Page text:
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County is bucking trend on midwives
PREGNANT women in Worcestershire have been reassured that there are plenty of midwives to support them.
As birth rates in England reach their highest level for 40 years, county health leaders say they are not struggling to cope in the same way as NHS trusts in other parts of the country.
Leaders at Worcestershire Acute Hospitals NHS Trust said they have benefited from the ‘excellent’ midwifery training school at the University of Worcester and are not among the half of all trusts which admit to shutting their doors on average seven times a year when the strain on midwives becomes too great.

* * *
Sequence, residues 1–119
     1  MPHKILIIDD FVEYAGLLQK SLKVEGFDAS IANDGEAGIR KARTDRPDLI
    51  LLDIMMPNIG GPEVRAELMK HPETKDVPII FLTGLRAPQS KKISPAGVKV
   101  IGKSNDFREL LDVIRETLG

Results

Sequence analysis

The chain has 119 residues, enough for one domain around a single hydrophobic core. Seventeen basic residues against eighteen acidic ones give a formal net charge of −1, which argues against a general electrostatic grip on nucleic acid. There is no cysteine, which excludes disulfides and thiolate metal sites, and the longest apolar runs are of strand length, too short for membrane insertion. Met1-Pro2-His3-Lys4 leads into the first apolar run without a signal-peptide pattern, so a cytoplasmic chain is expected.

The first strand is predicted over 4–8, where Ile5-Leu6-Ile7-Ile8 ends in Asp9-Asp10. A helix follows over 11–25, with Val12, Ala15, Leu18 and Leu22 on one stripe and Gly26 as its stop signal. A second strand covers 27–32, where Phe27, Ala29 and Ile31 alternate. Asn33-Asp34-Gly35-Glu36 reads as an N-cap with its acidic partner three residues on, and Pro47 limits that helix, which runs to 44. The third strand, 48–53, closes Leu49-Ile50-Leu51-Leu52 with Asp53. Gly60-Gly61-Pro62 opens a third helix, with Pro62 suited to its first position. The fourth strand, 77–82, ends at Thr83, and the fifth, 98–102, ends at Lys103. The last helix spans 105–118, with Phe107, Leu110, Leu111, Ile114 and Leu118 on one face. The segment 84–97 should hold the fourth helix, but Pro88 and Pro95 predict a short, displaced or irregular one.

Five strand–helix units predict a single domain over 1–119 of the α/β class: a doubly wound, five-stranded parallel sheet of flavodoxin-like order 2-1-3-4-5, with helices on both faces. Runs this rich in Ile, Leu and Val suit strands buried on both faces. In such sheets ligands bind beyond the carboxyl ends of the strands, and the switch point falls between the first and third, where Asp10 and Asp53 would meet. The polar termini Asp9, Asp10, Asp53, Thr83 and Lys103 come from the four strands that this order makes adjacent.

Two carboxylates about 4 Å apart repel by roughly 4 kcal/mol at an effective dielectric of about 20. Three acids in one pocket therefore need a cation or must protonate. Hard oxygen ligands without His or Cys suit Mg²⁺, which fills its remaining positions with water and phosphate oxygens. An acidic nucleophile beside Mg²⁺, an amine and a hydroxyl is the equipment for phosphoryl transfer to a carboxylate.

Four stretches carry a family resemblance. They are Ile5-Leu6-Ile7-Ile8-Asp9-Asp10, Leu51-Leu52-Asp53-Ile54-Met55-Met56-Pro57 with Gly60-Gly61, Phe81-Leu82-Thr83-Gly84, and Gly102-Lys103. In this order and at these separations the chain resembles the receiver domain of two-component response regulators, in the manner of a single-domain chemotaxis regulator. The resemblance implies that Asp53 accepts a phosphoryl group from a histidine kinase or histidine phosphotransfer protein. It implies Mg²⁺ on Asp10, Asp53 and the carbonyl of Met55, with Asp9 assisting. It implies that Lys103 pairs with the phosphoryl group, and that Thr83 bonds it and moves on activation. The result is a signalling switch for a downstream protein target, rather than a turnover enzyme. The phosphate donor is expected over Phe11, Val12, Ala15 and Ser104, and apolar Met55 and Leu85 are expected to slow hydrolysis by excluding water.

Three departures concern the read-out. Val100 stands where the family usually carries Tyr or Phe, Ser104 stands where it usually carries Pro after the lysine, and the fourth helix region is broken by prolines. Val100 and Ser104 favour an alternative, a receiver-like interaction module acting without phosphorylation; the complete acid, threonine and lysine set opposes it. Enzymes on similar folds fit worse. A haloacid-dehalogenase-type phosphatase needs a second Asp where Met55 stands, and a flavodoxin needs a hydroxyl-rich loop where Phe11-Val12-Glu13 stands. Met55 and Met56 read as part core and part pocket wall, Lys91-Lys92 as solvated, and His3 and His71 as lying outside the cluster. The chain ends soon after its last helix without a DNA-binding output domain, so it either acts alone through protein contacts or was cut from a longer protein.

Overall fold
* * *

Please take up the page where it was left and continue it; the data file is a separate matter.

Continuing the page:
A spokesman said: “We have only ‘shut our doors’ for one four hour period in the last three years.”
The trust has 288 midwives working across its hospitals, including Worcestershire Royal Hospital in Worcester, of which 214 are ‘whole-time equivalent midwives’ (full-time posts).
Births are going up with 5,817 in 2009/10, 6186 in 2010/11 and 6,228 in 2011/12. However, the birth rate has increased partly due to Worcestershire taking on high-risk births from Solihull following a change to its midwifery-led unit.
A trust spokesman said: “There was significant investment in midwifery staff in 2008/09 as part of the improving women and children strategy. “The trust reviews its midwifery staffing annually and is currently undertaking this process in light of the increase in births.”
The number of home births in 2010/11 was 103 and in 2011/12 there were 104. “Maternity services in Worcestershire are very fortunate not to have a problem with recruiting midwives and this is partly due to Worcestershire being a pleasant county to live in, the high standard of maternity care provided and the excellent midwifery training school at the University of Worcester.”